Reston, Va. – In January 2021, a mudslide took out part of the California Coastal Highway near Big Sur. The Embankments, Dams, and Slopes Technical Committee of the Technical Coordination Council of the Geo-Institute of ASCE mobilized a team to investigate the disaster. This latest Geotechnical Special Publication (GSP) from American Society of Civil Engineers (ASCE), Highway 1 Rat Creek Embankment Failure: 2021 Reconnaissance and Analysis, GSP 337, provides an overview of the reconnaissance and analysis done of the embankment failure caused by Rat Creek.
The report begins with a historical and geological overview of this stretch of highway along with a description of the embankment failure. Specific data collection activities such as terrestrial LiDAR and unmanned aerial vehicle (UAV) data acquisition, exposure mapping and sampling, radiocarbon dating of soil samples, precipitation and geospatial analyses, and satellite-based assessments, used by the investigative team, are outlined in the book. GSP 337 concludes with the roadway repair and recommendations to avoid future embankment erosion.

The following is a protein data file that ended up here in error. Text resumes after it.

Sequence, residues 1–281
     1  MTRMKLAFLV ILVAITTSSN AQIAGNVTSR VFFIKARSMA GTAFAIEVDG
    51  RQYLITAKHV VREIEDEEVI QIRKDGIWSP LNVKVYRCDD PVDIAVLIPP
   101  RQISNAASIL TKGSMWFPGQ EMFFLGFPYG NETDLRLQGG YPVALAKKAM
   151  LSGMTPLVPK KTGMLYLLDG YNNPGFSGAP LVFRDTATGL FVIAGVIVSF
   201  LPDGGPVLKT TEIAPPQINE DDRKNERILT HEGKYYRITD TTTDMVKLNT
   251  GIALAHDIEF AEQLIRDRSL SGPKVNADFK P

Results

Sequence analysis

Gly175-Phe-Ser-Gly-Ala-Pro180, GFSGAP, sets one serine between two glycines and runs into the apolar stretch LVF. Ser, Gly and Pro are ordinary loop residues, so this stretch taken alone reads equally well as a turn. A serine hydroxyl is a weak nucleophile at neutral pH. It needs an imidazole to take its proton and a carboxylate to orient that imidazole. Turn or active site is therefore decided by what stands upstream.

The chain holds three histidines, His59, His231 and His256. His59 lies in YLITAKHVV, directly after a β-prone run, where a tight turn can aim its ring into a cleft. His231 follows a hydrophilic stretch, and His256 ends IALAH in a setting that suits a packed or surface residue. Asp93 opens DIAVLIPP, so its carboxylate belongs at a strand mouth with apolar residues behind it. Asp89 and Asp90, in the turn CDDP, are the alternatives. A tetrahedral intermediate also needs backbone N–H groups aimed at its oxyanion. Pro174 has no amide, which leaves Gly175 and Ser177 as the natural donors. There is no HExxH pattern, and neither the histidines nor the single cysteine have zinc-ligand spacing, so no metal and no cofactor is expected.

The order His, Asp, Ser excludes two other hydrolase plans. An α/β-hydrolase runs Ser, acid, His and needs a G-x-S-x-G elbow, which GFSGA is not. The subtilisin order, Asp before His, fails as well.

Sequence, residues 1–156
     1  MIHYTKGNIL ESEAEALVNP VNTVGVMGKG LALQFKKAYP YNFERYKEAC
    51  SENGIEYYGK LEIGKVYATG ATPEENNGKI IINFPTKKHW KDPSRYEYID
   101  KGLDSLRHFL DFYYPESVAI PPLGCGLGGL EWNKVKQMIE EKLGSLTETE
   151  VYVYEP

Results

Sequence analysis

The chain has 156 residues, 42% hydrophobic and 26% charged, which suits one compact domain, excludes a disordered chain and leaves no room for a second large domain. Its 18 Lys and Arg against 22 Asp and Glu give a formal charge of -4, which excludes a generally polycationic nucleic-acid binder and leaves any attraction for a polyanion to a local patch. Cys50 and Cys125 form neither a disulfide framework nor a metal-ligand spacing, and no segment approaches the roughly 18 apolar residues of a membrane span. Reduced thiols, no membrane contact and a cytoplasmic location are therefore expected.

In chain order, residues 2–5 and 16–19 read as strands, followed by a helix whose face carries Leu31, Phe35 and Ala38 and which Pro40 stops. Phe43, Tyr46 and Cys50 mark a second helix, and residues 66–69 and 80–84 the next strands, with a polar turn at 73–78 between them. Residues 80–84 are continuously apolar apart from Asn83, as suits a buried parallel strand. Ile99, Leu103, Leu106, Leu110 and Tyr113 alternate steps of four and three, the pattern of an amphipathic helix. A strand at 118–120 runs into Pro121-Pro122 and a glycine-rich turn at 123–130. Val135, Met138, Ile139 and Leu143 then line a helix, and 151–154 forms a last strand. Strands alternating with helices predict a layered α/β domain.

Civil engineers interested in designing and constructing resilient infrastructure to accommodate future extreme events will benefit from this case study showcasing a failure of US infrastructure in the face of climate change and cascading natural disasters.
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Limited review copies are available for book reviews. Please contact Leslie Connelly, firstname.lastname@example.org.
ABOUT THE AMERICAN SOCIETY OF CIVIL ENGINEERS
Founded in 1852, the American Society of Civil Engineers represents more than 150,000 civil engineers worldwide and is America’s oldest national engineering society. ASCE works to raise awareness of the need to maintain and modernize the nation’s infrastructure using sustainable and resilient practices, advocates for increasing and optimizing investment in infrastructure, and improve engineering knowledge and competency.